The following morning, we braved Lisbon's public transport system (the Myki/Oyster card equivalents are made of cardboard with a chip in them, which is both ingenious and the worst plan ever) and took the train half way across the city to a bus terminal. We managed to locate what seemed to be the appropriate platform for the buses to Mafra, but then an employee who spoke zero English appeared and when we asked in a weird combination of English, Spanish and Portuguese if we were in the right place, she said no and pointed furiously at a platform over the other side of the terminal.
There was about 15 minutes before the timetable said the bus should arrive, so we walked over there to find that the platform information said that buses to Mafra absolutely did NOT leave from that platform and that we'd been right in the first place. Maybe she thought we looked like we could use the walk... Also, we saw a cocker spaniel that looked a lot like our dead dog and briefly contemplated kidnapping it. Well. I did. I'm not sure Dad did...
The trip out to Mafra took about an hour and ten minutes. It's only about 40km, but it was a local bus, so it stopped approximately 5,000 times in the 40km. C and I took advantage of the time to catch up on some reading. because WHY LOOK OUT THE WINDOW WHEN YOU CAN READ?!
Eventually, we arrived in Mafra and made our way to the National Palace.
We got there just in time to catch the end of the church service, which was equal parts awkward and fascinating. And oddly entertaining, as one of the altar boys appeared to be wearing a Batman t-shirt underneath his robes.
From there, we headed into the palace proper to buy tickets, and discovered that they were sold out of English guides. But they had French guides, and the guide was the only thing that included a map, so for a whopping €1, C and I muddled our way through it with my high school French and his Latin/Ancient Greek. It worked moderately well, though there were many occasions on which I wished I had internet access on my phone so I could ask Clément what the hell I was reading.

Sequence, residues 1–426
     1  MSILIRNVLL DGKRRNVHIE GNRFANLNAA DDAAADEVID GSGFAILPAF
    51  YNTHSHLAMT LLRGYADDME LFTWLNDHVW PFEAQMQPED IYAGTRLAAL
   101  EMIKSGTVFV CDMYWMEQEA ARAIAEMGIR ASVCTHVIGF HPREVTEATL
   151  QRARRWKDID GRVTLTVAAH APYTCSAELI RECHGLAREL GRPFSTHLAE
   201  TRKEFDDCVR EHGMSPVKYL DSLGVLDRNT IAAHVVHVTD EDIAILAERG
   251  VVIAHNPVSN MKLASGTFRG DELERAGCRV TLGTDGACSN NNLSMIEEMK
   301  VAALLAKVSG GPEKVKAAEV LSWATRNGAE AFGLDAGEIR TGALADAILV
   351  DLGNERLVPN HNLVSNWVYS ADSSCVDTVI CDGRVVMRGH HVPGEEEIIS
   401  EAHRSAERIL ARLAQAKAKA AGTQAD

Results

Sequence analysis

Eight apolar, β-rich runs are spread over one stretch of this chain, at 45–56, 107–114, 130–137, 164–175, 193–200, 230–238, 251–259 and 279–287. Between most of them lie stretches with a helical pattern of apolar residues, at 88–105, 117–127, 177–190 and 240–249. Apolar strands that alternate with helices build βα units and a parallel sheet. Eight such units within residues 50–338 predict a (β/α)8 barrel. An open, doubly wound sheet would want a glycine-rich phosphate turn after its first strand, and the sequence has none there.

Anyway, the Palace was built in the eighteenth century and its primary purpose was as a monastery following a promise from some random Portuguese king or other, and then he tacked a palace on the front. Much of the building (which is HUGE) is now used as a training academy by the Portuguese Army. The highlight of the palace is most DEFINITELY the library, and I'm not just saying that because I'm a library nerd. It's absolutely stunning.
TOLD YOU. (That first crappy phone photo really doesn't do it justice, but I had totally the wrong lens on my camera that day)
And not only is it stunning, but it's got all natural pest control and climate control. Basically, the walls and ceiling are false exteriors - there's actually a big empty space between them and the outside walls, which allows the room to warm up and cool down naturally over the course of the year. As far as pest control goes, there's a colony of bats that lives in the library. They hang out in boxes during the day, and at night they're set free to fly all over the place and eat any insects that get in. It's pretty damned nifty. (Although from a conservation perspective, it's probably a nightmare if the bats poop while they're eating insects...)
The rest of the palace was...very unpalace-like. It felt a lot more like a hunting lodge - very basic furniture, minimal decorations (except in the Queen's rooms), and a big focus on the church at the centre of the building.
|"Mirror mirror on the wall, who's the fairest of them all?" "OINK."|
|The random head in the middle is a nice touch.|
|This horse has eyeball issues|
|Stupidly tall clock with C (who's 6'2") for scale.|
|"What? They were like this when I got here."|
There wasn't a whole lot to the castle itself, which dates back to Moorish times. You can walk around the battlements, which was a lot of fun, and the views are SPECTACULAR. But it's not like you end up walking through hundreds of fancy rooms or anything. It's essentially just a shell, albeit a very imposing shell with a nifty little museum of artefacts from each era of its history attached.
Once we'd finished at the castle, it was rapidly heading towards dinner time, so we found a place nearby with the intention of having drinks there and then going somewhere else for dinner. But once we'd sat down, finding somewhere else for dinner seemed all too much like hard work. And so that's how I ended up having a vegetarian pizza for dinner. One that consisted of peas, corn, carrot, tomatoes and broccoli. It was a little weird, I have to say, but still better than anything else we'd eaten up to that point.
Except the custard tarts. Obviously.
Next time, we head to Sintra to look at more palaces.